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September 19, 2022

Zero Net Emissions Does NOT Require Zero Use of Fossil Fuels

The distinction is essential to an achievable climate strategy.

In the introduction to its May 2022 special issue SAVING FORESTS, National Geographic says “Each year forests and other vegetation absorb up to a third of the CO2 released from burning fossil fuels.” The implications of that statement are clear: if we reduce emissions from fossil fuels by two-thirds and preserve our vegetative cover, we will be at zero net emissions. We will NOT be increasing the concentration of CO2 in the atmosphere. If we reduce emissions a little further or plant more trees, we’ll start to reduce the concentration of CO2 and temperatures should start to decline if atmospheric models from the UN are correct.

The SAVING FORESTS issue gives many examples of using trees to take CO2 out of the atmosphere and sequester carbon in the ground including better management of existing forests, reforesting abandoned farmland, controlled burns, and replanting burned areas with a mix of species less likely to fuel infernos. All these cost money; the logical question to ask, project by project, is “does this project remove more CO2 from the atmosphere per dollar spent than, for example, subsidizing electric cars?” But the question is never asked. Any money allocated to planting more trees must, apparently, be in addition to the nearly limitless cost of eliminating all fossil fuels.

On page 73 of SAVING FORESTS, in an otherwise excellent article on threats to trees, author Craig Welch contradicts the introduction and writes “The planet won’t stop warming until we completely [emphasis mine] halt fossil fuel emissions.” This is nonsense, of course, because it’s only net emissions which count. Earth isn’t punishing us for the hubris of burning fossil fuels.; but authors like Welch typically include a ritualistic condemnation of all fossil fuels in their articles to protect themselves from the suspicion that they are proposing carbon reduction methods which might compete with eliminating fossil fuels. They are intimidated by the green industrial complex which brooks no challenge to any of its schemes to replace fossil fuels no mater how impractical, slow, or expensive. That means that tree-plantings aren’t allowed to compete for climate mitigation dollars with schemes like subsidies for electric cars or reliance on battery technologies which don’t exist yet.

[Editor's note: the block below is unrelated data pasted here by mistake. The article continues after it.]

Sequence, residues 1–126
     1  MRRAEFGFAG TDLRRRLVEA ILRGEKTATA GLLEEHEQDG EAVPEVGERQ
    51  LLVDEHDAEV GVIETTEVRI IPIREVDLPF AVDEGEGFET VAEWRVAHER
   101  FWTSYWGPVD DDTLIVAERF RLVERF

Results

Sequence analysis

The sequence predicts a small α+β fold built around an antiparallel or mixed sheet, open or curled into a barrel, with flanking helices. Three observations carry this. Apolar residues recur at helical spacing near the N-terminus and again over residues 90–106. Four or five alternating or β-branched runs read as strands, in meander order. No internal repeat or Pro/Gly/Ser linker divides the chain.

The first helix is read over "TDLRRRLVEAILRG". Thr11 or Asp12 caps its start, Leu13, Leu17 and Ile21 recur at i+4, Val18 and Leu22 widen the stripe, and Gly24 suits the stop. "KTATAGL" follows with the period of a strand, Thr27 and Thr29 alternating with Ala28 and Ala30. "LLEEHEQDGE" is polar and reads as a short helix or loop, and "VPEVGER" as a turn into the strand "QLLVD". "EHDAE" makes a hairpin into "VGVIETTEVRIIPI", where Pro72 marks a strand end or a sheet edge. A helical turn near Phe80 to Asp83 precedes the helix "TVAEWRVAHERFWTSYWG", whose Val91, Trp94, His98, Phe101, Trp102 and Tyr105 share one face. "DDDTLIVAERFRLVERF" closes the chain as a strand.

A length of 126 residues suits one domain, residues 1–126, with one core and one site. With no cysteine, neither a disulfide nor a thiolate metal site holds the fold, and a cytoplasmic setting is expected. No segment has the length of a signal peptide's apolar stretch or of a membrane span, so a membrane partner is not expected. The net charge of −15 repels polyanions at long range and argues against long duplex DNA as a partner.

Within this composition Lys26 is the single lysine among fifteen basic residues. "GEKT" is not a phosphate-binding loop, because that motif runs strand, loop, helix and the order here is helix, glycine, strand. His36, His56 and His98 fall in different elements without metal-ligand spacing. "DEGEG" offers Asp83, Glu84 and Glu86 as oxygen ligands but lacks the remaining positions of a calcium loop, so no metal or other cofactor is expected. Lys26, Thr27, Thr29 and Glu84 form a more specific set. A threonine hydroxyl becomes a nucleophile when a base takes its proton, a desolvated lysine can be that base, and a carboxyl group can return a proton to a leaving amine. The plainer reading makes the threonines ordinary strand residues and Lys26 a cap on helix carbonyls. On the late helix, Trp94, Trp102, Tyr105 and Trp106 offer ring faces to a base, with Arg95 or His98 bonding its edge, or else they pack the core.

Equating the end of all fossil fuel use with the net zero goal means that we don’t prioritize our reductions because “all” fossil fuels are bad. If we confuse the goal of zero net emissions with a needless jihad to replace all fossil fuels, we squander wealth, deny people a way out of poverty, and quickly forfeit support for the programs necessary to reduce emissions.

A two-third reduction in net emissions in a reasonable time is doable if not easy. The world as we know it doesn’t have to end. Good news.

The National Geographic issue on trees is full of good strategies for maintaining and even increasing plant-based reductions in net emissions. But fear of offending the all-fossil-fuels-must-go crowd prevents the magazine from following its own facts to reasonable conclusions and policy recommendations.

See also:

Trees v. Solar Panels

Vermont Can Exceed 2025 Carbon Reduction Goal Just by Planting Trees

The Science Behind the Trillion Tree Campaign

Zero Net Emissions Does NOT Require Zero Use of Fossil Fuels – Continued (Hybrid generation is the best way to environmental goals)

 

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